In the deep freeze

July 29, 2002

IT'S HARD TO imagine that Ted Williams, a record-setting slugger in youth, cantankerous iconoclast in old age, wanted to come back to life in his hobbled, 83-year-old body.

But of course, that's not what cryonics executives portend for the future. They say it's only a matter of decades before scientists will be able to resolve the riddle of death, restore the deceased to life, cure them of illness and return them to youthful vigor.

That's the pitch, if you will, that has persuaded about 100 people, including Mr. Williams' son, to have a loved one placed in a state of "cryonic suspension." In other words, frozen after death.

Interest in cryonics is on the upswing, thanks in part to Teddy Ballgame. Alcor, the Arizona facility housing Mr. Williams' remains, reports 1,000 requests for membership applications in recent weeks. And leaders in the cryonics industry are convening in Michigan next month for a summit.

True, insects, vinegar eels, brain matter and human embryos have been frozen and revived, but they can't compare to the complex character of Homo sapiens sapiens. The decision to immerse a body in a tank of liquid nitrogen for decades is hardly about being on the cutting edge of science or having a front seat for the ride into the future.

The cryonics movement, which began 30 years ago, appeals to people's vanity, self-importance, lust for life - and maybe to their curiosity (for a price from $28,000 to $120,000). It's a new-age search for the fountain of youth, an investment in the future, some might say.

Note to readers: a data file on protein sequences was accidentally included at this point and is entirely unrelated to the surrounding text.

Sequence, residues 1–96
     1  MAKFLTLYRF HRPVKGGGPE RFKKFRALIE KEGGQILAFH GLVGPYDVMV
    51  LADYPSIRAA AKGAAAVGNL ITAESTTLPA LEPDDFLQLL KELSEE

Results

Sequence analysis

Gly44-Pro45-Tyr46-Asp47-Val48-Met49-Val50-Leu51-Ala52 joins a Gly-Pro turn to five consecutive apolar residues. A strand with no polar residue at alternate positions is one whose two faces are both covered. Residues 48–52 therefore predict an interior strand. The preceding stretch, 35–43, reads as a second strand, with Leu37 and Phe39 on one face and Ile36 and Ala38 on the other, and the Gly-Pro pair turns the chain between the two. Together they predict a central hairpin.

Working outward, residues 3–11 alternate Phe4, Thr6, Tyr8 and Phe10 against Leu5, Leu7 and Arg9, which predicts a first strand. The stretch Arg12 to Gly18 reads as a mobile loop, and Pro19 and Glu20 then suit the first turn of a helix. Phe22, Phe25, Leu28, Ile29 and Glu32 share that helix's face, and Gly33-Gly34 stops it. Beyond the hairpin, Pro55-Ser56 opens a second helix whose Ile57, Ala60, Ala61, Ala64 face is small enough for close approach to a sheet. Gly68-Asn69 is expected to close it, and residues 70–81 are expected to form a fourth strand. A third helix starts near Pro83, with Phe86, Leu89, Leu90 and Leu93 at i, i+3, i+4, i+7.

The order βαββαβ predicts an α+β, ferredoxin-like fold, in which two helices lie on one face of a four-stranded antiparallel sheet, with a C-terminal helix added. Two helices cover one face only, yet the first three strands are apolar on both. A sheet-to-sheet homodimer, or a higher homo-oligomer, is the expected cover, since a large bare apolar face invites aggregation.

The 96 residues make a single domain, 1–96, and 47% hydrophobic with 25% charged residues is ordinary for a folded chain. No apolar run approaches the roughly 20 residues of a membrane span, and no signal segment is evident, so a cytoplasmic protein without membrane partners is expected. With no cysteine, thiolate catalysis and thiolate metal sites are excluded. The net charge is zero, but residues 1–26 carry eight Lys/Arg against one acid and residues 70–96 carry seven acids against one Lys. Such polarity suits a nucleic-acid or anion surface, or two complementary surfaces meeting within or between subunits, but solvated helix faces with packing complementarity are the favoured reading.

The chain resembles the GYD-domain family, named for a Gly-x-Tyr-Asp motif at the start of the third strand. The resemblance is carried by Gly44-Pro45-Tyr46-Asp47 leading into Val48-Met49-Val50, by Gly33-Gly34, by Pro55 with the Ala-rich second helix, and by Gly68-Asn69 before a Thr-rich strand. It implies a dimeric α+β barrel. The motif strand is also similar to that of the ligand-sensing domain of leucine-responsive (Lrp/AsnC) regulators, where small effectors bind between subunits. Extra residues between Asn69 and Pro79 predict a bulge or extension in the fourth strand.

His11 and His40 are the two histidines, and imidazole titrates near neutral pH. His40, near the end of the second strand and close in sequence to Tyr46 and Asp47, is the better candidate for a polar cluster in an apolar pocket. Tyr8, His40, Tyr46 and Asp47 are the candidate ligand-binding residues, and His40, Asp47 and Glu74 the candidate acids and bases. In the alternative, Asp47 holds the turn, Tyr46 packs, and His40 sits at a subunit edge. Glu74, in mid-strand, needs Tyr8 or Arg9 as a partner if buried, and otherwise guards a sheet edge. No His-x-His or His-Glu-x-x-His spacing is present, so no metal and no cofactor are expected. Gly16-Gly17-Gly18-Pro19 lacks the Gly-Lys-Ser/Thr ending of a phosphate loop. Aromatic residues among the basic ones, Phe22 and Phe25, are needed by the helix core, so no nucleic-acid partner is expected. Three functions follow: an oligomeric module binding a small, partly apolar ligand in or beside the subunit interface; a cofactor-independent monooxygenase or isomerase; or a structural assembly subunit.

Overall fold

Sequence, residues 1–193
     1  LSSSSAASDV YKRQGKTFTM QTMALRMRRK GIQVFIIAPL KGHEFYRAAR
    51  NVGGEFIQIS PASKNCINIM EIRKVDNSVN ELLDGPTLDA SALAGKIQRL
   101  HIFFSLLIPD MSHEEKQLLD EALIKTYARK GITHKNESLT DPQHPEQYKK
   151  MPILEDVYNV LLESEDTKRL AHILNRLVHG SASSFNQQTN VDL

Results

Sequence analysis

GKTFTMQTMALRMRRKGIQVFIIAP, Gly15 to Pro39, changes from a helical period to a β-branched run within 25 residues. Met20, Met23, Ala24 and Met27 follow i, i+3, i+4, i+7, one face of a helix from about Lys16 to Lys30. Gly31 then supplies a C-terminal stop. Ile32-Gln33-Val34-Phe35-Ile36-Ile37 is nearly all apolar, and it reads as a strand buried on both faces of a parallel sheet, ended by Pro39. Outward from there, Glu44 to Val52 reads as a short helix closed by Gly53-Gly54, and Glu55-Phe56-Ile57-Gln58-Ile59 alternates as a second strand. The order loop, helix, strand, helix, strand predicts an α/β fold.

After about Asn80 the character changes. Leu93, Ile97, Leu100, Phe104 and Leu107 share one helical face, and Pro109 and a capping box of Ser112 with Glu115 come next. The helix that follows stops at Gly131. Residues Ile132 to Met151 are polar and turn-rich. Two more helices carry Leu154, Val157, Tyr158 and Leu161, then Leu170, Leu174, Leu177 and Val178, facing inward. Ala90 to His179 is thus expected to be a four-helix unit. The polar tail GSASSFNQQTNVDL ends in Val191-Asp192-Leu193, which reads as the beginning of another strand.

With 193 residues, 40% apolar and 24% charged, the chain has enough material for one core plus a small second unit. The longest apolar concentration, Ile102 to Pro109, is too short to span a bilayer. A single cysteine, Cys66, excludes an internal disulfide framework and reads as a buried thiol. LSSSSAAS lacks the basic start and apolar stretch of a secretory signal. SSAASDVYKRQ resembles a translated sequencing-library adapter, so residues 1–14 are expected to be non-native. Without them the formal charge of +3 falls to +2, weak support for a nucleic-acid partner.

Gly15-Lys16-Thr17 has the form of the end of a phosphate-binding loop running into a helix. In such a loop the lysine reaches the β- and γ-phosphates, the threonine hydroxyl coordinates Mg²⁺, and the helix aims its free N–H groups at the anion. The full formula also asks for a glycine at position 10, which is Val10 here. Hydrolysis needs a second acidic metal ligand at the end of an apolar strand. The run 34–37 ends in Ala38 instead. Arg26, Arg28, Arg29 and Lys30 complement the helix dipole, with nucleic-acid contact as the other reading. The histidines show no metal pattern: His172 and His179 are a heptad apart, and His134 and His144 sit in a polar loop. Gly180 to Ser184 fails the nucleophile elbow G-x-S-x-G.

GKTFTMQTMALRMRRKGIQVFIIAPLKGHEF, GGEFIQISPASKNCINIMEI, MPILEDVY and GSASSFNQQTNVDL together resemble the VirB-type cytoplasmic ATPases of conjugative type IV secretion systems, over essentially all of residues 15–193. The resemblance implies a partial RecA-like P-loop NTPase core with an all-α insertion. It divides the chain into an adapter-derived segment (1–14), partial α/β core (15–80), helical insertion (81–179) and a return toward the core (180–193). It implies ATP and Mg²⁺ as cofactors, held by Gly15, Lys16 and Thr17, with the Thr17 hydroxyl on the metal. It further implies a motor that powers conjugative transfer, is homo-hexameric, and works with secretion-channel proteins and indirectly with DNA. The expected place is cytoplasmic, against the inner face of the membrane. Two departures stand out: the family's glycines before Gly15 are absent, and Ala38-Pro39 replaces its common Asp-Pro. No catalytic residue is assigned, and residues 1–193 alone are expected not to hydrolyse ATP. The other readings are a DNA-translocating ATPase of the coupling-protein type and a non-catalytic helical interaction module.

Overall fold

But whose?

One cryonics company asks this question: "What would our world be like if we had Jefferson and Franklin, Churchill and Gandhi, Shakespeare and St. Paul, Plato and Newton and Einstein here today to lead and advise us?"

It's the wrong question to ask. Those learned and venerated men have been followed by leaders and philosophers, activists and theologians, scientists and playwrights of note. And the world has been enriched and improved because of them.

The beauty of this spinning blue planet, the intrigue of this ever-evolving community of man (and woman) is that the future is unknowable and affords tremendous possibilities for generations to come. Shakespeare and St. Paul, Churchill and Einstein had their time. So did Ted Williams.

And that's what's been lost in the renewed interest in cryonics since his death.

Cryonics pioneer Robert C.W. Ettinger, a retired physicist and 83-year-old founder of the Michigan-based Cryonics Institute, succinctly explained recently his decision to join his late wife in the deep freeze: "Life is more interesting than death."

But, of course, Mr. Ettinger couldn't possibly know that to be true.

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